Hydrofracking, Water, Watersheds, and the Ocean

Hydrofracking, Water, Watersheds, and the Ocean

wastewater-plant
Newton Creek Wastewater Treatment Plant. Much wastewater goes to treatment plants like this, then into rivers, then to the oceans. Photo Source: ©© Tom Giebel

Excerpts;

Drilling companies have only in recent years developed techniques to unlock the enormous reserves, thought to be enough to supply the country with gas for heating buildings, generating electricity and powering vehicles for up to a hundred years.

Some say using natural gas will help slow climate change because it burns more cleanly than coal and oil, and also, see it as a way to wean the United States from its dependency on other countries for oil.

But the relatively new drilling method, known as high-volume horizontal hydraulic fracturing, or hydrofracking, carries significant environmental risks. It involves injecting huge amounts of water, mixed with sand and chemicals, at high pressures to break up rock formations and release the gas.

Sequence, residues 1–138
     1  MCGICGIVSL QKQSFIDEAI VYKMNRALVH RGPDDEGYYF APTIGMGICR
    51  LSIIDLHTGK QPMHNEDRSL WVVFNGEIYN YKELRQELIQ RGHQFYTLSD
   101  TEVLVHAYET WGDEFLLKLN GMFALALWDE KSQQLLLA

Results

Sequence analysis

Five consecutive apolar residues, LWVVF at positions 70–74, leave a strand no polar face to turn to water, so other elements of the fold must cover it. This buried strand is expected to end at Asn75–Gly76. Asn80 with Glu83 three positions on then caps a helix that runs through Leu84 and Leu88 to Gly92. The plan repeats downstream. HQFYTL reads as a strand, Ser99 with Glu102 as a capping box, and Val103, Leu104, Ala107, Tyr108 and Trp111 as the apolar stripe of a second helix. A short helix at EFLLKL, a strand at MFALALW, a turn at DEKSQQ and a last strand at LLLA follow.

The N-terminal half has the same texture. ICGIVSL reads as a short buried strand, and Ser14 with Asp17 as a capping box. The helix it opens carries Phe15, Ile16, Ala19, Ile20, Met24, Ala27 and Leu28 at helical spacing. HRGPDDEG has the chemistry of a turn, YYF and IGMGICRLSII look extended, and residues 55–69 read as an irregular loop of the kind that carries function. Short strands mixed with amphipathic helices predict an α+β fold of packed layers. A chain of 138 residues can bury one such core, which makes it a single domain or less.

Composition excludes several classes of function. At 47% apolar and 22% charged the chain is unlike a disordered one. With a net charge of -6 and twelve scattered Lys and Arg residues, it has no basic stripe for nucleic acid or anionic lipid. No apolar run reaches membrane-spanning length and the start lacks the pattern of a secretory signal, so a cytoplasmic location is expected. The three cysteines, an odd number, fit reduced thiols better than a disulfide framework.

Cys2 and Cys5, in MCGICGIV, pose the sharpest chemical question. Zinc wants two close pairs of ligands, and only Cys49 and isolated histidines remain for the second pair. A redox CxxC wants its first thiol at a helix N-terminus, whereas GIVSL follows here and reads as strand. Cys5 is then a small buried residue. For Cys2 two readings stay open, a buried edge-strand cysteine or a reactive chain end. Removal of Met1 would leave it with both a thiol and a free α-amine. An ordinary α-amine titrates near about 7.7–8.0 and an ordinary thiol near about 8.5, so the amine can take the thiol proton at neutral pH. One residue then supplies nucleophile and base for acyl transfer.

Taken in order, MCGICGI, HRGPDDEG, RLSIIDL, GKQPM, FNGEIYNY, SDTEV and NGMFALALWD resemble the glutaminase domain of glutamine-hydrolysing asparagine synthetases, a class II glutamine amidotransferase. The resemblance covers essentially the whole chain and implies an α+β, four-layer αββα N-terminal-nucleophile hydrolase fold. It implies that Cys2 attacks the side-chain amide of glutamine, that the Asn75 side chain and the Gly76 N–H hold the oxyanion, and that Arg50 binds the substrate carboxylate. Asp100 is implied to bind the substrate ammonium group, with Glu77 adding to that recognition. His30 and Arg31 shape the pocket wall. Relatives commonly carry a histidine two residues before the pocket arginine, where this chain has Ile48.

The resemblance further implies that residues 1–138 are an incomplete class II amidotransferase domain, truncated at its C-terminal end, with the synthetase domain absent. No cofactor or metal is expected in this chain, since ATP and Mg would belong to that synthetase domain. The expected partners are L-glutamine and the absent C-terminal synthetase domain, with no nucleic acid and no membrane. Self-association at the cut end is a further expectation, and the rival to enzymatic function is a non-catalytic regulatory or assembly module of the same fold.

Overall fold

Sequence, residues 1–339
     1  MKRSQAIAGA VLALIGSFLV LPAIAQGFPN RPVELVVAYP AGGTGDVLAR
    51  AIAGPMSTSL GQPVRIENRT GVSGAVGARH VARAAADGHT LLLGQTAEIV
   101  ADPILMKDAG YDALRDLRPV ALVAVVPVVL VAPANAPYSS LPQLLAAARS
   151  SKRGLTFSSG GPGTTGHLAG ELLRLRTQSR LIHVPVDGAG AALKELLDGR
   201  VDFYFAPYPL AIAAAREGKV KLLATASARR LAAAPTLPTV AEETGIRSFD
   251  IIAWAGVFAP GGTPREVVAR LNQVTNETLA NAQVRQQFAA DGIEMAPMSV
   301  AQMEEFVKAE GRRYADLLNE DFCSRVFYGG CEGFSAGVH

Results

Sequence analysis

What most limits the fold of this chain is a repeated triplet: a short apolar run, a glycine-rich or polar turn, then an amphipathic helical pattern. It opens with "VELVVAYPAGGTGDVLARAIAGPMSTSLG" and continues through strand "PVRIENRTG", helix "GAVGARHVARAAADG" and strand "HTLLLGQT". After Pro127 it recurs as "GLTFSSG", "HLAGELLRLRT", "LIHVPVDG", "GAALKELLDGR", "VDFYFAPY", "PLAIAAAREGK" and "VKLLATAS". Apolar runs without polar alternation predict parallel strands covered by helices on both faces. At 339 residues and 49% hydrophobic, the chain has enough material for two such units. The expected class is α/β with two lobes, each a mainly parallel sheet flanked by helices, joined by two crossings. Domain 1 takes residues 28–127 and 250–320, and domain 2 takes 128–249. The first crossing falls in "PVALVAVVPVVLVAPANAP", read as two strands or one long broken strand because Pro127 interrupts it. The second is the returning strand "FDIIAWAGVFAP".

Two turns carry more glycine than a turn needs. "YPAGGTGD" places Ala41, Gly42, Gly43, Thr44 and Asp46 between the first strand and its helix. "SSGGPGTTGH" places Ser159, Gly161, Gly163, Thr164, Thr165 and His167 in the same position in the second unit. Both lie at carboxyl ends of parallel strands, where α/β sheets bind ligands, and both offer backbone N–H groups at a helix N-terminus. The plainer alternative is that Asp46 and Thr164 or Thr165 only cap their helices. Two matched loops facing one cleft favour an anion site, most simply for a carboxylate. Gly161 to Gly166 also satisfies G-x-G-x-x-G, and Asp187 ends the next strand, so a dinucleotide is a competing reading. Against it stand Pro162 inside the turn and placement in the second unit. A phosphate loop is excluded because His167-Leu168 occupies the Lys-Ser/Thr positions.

With hydrofracking, a well can produce over a million gallons of wastewater that is often laced with highly corrosive salts, carcinogens like benzene and radioactive elements like radium, all of which can occur naturally thousands of feet underground. Other carcinogenic materials can be added to the wastewater by the chemicals used in the hydrofracking itself.

Industry officials say they are not concerned.

The concentrated presence of highly corrosive salts, benzene, radium, other radioactive and toxic chemical elements in the millions of gallons of wastewater used in hydrofracking, a relatively recent process of recovering natural gas from deep underground, is yet another unexpected consequence of the desperate pursuit of fossil fuels on our public health, on the safety of drinking water, watersheds, the food chain, and, ultimately, marine resources and the ocean.

The sea connects all things.

Read Full Article, By Peter Neill Director, World Ocean Observatory, Huffington Post

Regulation Lax as Gas Wells’ Tainted Water Hits Rivers, By Ian Urbina, The New York Times

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